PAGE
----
Lasting impression

Soaring Space Under a Concrete Sky


JAMIE FOBERT


A few years ago I went to Brazil and saw the most incredible set of concrete buildings within the course of a few days. Of course when you go to Brazil you expect to see Niemeyer, but it really intrigued me to see the quality of the architecture in concrete by architects that I didn’t know.

The Museum of Modern Art [1] in Rio by Affonso Eduardo Reidy is a beautifully light pavilion-like building in Copacabana Park. It’s from 1953 but when I saw it I thought it was from the 1970s. Soaring pilotis lift the entire building off the ground and create a subtly curved soffit and a shaded outdoor space. Above, huge curving brise-soleils of concrete create shade for the fairly simple curtain walling.

The second one was in São Paulo. We travelled out of town to go to the Faculty of Architecture and Urbanism by João Batista Vilanova Artigas and Carlos Cascaldi [2] (1961). It’s a single rectilinear block of concrete hovering in the air on a series of tapered pilotis and it’s open to the elements – it has no front door, so it’s a totally permeable volume that you wander into.

This hovering block of concrete has the most extraordinary coffered ceiling, a vast canopy which envelops the entire school. It creates a spatial continuum, so there is a sense of the school as a single community. The final building is the Museu Brasileiro de Escultura [3], again in São Paulo, by Paulo Mendes da Rocha. It’s from 1988, but you sense the continuity from the previous project.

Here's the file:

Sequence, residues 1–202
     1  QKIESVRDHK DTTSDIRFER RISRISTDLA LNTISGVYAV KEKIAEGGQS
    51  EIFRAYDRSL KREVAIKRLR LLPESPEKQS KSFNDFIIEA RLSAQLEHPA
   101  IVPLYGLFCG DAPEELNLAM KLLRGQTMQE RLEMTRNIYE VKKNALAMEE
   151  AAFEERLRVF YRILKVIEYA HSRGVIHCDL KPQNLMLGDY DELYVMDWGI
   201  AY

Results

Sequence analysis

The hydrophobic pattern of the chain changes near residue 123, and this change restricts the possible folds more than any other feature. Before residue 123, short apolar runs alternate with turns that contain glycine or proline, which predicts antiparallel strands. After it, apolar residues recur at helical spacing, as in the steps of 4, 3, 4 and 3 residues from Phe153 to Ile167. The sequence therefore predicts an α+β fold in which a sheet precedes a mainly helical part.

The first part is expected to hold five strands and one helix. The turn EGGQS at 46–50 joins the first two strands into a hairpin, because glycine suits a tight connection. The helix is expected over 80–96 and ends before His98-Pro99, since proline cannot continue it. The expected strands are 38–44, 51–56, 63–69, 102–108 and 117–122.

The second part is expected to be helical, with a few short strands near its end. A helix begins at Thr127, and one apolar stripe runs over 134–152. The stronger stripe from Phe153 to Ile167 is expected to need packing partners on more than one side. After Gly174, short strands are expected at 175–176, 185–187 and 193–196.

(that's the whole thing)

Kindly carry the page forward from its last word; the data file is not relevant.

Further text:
The building is deep in the suburbs, and when you arrive it feels more like a concrete landscape or park. The primary element is a single-span 200ft canopy, made from prestressed concrete beams. Below it there is a public space, with ramps leading down to the museum which is almost entirely underground – not unlike Tate St Ives.

In a country where concrete was felt to be a humble and inexpensive solution, these architects took it and over time developed a language that is very sculptural. The engineering is extraordinary and yet the pieces have an immense grace to them.

Jamie Fobert is director of Jamie Fobert Architects